HeadMeds gives young people in the United Kingdom general information about medication. HeadMeds does not give you medical advice. Please talk to your Doctor or anyone else who is supporting you about your own situation because everyone is different. Please read more important details about our site.

Taking medicines at school, college, university or work

If you need to take medicines at school, college, University or work, you need to prepare yourself so that you can be comfortable taking them.

For many medicines for mental health conditions, you can ask for a type that you only take once or twice a day so that you do not have to worry about taking them during the working day.

Schools and Colleges

Schools and colleges may ask you to store the medicine with a school nurse or in the office. Talk to someone you trust (the nurse or a member of staff). Take a parent or carer to talk to them if you can.

You need to find a place that you can take them in private. Unfortunately many young people end up taking their medicines in the toilets, but it is much better (and cleaner!) to ask the staff to let you use a quiet room. Talk to your doctor if you are having trouble with your medicines at school. They might be able to talk to the school about it.

If you can tell at least one friend that you trust about your medicines, they might be able to talk to the staff for you if you ever feel unwell and need help.

University (Higher Education)

Talk to your hospital team (if you have one) or your GP to plan your treatment at University as soon as you know where you are going. [Equally, if you start your medication while you are at University, think about what you will do when you are at home in the holidays.]

Register with a GP near your university, so that you can get your prescriptions easily, but make sure when you come home for the holidays that you sign on with your home GP as a temporary resident.

Find a pharmacy close to where you live at University, and go to talk to the pharmacist when you get your first prescription. The staff there could help you as you settle in, and you can walk in without an appointment or phone them.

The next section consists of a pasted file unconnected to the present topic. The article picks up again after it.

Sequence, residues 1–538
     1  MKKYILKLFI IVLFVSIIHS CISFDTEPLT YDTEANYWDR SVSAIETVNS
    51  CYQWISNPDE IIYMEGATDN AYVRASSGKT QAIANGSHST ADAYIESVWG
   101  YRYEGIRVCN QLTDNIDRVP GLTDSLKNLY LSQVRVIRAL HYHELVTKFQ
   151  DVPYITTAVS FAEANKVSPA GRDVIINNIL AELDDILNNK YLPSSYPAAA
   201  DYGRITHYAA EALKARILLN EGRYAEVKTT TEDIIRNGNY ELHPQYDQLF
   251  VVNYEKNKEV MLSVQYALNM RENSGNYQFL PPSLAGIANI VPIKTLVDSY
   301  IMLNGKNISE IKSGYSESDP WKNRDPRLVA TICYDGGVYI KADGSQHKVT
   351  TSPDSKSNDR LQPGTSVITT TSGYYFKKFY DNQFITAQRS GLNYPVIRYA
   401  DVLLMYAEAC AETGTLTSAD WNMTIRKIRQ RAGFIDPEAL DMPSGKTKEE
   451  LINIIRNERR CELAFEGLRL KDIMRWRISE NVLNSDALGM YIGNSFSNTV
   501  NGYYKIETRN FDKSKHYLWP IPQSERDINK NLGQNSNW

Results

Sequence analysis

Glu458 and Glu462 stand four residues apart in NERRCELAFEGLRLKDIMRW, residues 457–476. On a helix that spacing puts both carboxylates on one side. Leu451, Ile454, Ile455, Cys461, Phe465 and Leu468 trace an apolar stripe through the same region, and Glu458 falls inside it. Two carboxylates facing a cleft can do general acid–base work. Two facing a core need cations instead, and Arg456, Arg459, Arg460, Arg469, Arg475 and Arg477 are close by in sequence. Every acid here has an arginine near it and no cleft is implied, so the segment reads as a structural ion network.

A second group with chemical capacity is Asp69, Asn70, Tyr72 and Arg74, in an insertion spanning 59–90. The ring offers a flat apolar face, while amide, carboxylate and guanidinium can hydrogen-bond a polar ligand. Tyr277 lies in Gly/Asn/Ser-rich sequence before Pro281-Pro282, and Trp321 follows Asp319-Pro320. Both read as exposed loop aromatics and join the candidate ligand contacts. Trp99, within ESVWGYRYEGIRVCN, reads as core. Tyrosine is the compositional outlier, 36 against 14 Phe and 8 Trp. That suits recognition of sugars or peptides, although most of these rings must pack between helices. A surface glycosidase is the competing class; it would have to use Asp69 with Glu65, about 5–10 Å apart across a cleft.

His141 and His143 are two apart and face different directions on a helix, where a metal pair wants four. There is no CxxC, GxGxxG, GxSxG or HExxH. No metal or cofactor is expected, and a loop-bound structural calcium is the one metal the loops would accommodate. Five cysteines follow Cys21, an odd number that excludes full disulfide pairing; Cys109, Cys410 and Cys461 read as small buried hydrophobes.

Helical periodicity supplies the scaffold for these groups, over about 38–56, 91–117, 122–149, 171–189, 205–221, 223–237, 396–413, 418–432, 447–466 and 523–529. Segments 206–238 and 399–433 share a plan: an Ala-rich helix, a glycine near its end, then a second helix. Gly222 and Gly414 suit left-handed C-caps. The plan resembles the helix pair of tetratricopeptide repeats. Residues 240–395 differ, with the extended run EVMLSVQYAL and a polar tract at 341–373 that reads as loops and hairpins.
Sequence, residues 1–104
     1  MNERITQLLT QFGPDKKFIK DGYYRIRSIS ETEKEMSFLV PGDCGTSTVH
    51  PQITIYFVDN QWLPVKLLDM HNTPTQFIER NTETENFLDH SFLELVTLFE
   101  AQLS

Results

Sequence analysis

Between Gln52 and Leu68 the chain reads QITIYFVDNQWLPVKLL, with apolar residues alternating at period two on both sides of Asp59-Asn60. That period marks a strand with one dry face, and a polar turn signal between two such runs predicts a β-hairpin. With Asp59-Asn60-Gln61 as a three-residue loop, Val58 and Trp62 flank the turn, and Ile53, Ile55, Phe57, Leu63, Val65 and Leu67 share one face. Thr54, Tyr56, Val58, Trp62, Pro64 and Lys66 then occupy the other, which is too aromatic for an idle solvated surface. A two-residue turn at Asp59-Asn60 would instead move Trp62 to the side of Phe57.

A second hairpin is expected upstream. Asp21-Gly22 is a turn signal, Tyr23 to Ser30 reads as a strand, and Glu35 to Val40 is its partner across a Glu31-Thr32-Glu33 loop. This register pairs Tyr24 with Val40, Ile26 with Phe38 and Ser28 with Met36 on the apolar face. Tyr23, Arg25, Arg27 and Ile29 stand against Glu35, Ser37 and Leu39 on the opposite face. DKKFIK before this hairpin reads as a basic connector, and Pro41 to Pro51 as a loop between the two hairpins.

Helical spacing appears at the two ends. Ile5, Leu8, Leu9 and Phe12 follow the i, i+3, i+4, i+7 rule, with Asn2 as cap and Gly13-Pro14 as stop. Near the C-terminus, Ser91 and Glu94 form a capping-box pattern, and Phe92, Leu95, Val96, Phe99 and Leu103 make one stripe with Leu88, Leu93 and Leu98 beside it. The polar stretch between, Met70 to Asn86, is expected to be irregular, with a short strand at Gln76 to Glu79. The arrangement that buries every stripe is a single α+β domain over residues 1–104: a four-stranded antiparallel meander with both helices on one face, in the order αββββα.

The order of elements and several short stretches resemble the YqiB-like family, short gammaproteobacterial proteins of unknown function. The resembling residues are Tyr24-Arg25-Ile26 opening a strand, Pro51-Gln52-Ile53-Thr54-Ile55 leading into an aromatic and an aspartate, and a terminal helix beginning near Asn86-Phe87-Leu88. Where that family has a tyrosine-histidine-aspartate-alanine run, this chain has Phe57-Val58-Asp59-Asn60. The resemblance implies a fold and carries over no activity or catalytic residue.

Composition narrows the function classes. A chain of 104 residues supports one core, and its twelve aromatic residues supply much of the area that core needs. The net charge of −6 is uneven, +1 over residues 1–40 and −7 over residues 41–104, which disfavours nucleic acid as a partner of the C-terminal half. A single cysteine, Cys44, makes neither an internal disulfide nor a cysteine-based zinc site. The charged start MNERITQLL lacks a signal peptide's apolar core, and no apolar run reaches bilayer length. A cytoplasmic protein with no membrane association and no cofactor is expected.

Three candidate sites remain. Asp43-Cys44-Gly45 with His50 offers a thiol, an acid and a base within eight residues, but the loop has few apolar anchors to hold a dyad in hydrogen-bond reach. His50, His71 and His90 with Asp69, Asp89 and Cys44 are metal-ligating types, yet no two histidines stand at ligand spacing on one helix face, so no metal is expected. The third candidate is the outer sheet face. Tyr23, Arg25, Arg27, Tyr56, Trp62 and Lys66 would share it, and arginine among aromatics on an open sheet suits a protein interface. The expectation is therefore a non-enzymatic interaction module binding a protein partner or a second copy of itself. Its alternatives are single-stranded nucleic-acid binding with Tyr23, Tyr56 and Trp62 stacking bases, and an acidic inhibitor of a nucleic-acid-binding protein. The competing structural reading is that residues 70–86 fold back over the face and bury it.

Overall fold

If you are at university and living in a hall of residence or shared house, find somewhere private (and ideally somewhere you can lock) in your room to keep your medicines.

If you can tell a friend that you trust about your medicines, they might be able to talk to the staff or other students for you if you ever feel unwell and need help.

You should also talk to your personal tutor. They want you to stay well and finish your course. You may need to talk to them about your work if you have struggled at school or college with studying and exams.

Moving away from home to University is a big step, and you may feel pressure from new friends to drink a lot or to try other substances. Many medicines for mental health conditions do not mix well with alcohol and drugs. Think ahead of ways that you can enjoy social times with other students without having to take risks. Universities organise many clubs where you can meet people with the same hobbies and interests.


If you need to take medicines at work, you could try the following ideas to help you to take them regularly and without feeling embarrassed:

  • Find a time in the working day routine when you can always remember to take your medicine
  • Find a quiet place to take your medicine (maybe a time when the staff room is not used by others, although the toilet may be the only place that you get privacy)
  • Keep your medicines locked away, if possible, when you are not near them
  • Keep a spare bottle of water so that you always have a drink ready for your dose
  • Think about having a ‘back-up’ supply available if you work on different sites, or if you sometimes have to go to work somewhere else at short notice
  • Plan ahead with your doctor if your work involves shifts or patterns where you cannot take your medicines easily – they may be able to give you a different type of medicine
  • If your work involves driving or operating machines, talk to your doctor about side-effects from your medicine so you can do your job safely

It is always good if someone you trust at work knows about your medicines. Your work will be at its best if your medicine is working well and you can take it regularly.

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